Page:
Parents of kids with ADHD often notice that their kids are drawn to risky activities. Some of these may be impulsive, but not actually dangerous, actions such as jumping off their beds. However, others may be more concerning, such as doing jumps on their bikes or elaborate tricks on their skateboards. One commonality amongst these dangerous activities is that it tends to keep kids with ADHD focused. And kids with ADHD like to feel focused. There is a reason that there is a greater proportion of extreme sports athletes who have been diagnosed with ADHD. Encouraging your child to engage in these hair-raising behaviors might sometimes place them in danger. But these may be the activities that light up their brain. So, should you encourage dangerous jobs for your kids with ADHD?
Other kids are drawn less to the danger of activities but to the novelty and uncertainty in some activities. This willingness to try different things may be a great asset in a world that is changing so fast. Some researchers, such as Dr. Richard Friedman describe ADHD as a “problem of boredom” suggesting that kids with ADHD will be more willing than others to take on the challenges of the future. Friedman cites neuroscience research that demonstrates that people with ADHD “are actually hard-wired for novelty-seeking,” and posits that this trait may have been highly useful to our ancestors who were hunters and gatherers who would scout the environment for food and be alert to ensure their safety. If your child is drawn to activities in which risk, danger, or frequent change is built in, they may be a good fit for the following 21st-century jobs.
Corrections Officer– A corrections officer usually works within the prison system overseeing daily life. They are in charge of the security and safety of their peers and the prisoners. This may appeal to someone who has ADHD due to the fast-paced nature of the job and the varying function. Further, this job can be intrinsically rewarding in that you are helping others.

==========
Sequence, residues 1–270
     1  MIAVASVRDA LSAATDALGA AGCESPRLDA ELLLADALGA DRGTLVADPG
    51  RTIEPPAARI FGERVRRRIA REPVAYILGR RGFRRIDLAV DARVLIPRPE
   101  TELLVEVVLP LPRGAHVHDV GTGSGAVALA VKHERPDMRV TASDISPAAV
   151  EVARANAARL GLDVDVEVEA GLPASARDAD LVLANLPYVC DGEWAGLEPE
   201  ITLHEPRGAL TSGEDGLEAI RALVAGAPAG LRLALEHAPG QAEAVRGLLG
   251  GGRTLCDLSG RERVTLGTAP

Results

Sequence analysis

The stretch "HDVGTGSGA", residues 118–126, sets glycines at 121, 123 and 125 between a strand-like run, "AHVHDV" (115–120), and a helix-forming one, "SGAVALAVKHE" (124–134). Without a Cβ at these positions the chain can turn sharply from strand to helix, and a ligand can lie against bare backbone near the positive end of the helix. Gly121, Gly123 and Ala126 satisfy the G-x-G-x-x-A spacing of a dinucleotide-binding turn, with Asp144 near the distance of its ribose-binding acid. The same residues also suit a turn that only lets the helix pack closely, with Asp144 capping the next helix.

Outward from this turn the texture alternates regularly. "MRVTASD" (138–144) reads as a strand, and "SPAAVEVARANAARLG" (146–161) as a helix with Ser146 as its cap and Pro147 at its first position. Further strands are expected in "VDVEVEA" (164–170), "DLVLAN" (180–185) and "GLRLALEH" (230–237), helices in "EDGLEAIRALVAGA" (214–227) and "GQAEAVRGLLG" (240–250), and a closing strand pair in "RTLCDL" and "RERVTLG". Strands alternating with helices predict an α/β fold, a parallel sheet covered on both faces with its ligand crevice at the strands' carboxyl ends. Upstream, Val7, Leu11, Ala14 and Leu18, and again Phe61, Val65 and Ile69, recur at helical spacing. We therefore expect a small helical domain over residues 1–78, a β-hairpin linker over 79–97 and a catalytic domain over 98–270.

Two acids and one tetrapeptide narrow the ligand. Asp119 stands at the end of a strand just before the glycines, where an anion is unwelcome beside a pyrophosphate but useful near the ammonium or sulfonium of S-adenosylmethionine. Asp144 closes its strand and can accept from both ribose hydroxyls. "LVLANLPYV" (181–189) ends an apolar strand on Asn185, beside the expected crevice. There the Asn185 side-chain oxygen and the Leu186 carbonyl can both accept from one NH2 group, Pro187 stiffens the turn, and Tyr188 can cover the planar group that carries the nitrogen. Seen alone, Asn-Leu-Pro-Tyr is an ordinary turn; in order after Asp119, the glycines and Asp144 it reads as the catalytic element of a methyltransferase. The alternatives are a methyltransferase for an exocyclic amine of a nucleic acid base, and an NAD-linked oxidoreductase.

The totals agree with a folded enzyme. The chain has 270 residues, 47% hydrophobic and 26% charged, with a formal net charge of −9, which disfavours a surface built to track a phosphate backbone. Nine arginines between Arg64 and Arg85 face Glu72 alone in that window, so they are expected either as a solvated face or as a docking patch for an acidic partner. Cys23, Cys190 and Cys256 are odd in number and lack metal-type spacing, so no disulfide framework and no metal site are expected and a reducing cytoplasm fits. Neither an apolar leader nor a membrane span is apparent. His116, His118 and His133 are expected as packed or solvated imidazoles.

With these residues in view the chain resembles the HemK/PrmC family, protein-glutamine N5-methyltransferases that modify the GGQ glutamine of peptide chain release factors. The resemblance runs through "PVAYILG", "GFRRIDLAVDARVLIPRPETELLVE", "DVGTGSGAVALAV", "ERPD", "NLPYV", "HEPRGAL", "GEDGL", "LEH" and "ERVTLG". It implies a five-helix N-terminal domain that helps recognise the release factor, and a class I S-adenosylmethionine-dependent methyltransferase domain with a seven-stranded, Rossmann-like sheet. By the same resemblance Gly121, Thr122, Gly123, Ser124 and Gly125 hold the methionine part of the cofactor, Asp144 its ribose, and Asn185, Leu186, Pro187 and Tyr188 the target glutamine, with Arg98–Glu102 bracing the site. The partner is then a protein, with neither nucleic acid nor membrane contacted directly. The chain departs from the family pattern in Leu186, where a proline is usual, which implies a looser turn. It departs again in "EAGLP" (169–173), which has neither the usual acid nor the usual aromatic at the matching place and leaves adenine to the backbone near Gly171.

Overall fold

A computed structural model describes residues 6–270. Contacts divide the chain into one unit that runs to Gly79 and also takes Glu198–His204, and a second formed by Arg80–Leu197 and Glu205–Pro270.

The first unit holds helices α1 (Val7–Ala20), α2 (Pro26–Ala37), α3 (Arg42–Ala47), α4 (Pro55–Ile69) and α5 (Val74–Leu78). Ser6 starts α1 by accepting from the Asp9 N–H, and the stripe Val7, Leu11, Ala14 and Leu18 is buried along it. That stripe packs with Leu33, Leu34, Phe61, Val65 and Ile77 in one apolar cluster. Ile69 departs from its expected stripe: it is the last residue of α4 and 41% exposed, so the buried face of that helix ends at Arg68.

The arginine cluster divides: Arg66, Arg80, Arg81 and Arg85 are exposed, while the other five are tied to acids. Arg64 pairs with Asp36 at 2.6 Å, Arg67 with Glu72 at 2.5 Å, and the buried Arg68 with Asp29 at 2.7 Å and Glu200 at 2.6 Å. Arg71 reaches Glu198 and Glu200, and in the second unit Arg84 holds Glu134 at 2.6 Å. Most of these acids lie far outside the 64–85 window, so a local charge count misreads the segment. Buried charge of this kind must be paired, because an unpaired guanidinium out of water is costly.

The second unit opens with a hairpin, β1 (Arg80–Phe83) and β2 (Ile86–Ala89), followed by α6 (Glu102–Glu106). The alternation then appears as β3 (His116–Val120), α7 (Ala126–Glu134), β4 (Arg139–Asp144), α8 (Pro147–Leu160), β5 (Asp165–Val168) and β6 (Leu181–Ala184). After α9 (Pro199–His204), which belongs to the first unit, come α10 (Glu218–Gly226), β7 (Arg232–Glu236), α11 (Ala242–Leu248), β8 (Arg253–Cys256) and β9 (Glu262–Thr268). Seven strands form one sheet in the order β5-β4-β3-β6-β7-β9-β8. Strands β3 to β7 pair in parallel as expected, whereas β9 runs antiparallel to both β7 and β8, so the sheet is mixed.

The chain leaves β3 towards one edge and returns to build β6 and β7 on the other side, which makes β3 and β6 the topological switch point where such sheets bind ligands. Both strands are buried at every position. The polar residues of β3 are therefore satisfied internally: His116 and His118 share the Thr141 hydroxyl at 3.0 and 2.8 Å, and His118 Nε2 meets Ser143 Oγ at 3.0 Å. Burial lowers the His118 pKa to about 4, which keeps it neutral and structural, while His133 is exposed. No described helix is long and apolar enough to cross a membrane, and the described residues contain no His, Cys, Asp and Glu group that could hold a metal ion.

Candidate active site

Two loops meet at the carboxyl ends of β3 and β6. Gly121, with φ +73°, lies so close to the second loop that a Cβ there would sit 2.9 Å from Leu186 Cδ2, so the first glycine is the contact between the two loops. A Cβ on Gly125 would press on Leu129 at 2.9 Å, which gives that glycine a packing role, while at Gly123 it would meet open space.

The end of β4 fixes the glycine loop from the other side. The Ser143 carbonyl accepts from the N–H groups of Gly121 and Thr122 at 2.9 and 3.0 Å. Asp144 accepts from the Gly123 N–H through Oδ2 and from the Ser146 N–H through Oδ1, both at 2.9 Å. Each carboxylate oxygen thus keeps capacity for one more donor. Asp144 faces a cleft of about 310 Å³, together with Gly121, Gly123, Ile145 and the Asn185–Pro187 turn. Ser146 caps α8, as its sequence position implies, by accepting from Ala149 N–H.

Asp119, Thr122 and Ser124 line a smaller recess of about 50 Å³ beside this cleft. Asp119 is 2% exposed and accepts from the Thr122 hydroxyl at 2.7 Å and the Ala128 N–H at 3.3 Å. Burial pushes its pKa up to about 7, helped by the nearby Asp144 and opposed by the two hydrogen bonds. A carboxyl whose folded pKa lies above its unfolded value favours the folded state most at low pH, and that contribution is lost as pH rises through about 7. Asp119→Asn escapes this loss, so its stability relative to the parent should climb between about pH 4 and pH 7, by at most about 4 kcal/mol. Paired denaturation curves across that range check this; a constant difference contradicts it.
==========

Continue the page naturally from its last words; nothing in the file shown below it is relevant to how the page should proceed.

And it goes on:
Military– There are many positions one can pursue in the military, from private first class to an officer. These jobs vary from field work, engineering, and everything in between. The many options the military affords may appeal to someone with ADHD. Additionally, this job is fast-paced and athletically demanding.
Firefighter– A firefighter is an individual that is trained in firefighting and fire rescue. Their primary job is to extinguish fires that threaten people, property or the environment. This career may be appealing to individuals with ADHD who often enjoy excitement. Firefighters work in fast-paced environments with emergencies that happen frequently.
Trial Lawyers- A trial lawyer’s caseload can be different each day of the week. This is a job that requires quick thinking and problem-solving skills. Each case a lawyer takes is different, which may appeal to someone with ADHD who dislikes routine based jobs.
Emergency Room Staff- These professionals need to be quick thinking, focused, and have an interest in medical issues. This can be anything from a nurse to a surgeon. Emergency room jobs provide ongoing stimulation and risk which require high energy levels.
Small business owner- A small business owner is an entrepreneur that is responsible for running and starting their own business. This type of career may suit individuals who have ADHD because the hours are extremely flexible and work days vary every day. This type of work environment is appealing to an adult with ADHD who may struggle with restlessness. This career is also good for individuals with ADHD because they can focus all of their time and attention on a career that they truly love and research shows that individuals with ADHD are able to sustain their attention on activities they enjoy.
What other careers do you think would be beneficial for children with ADHD? Leave your thoughts in the comments below!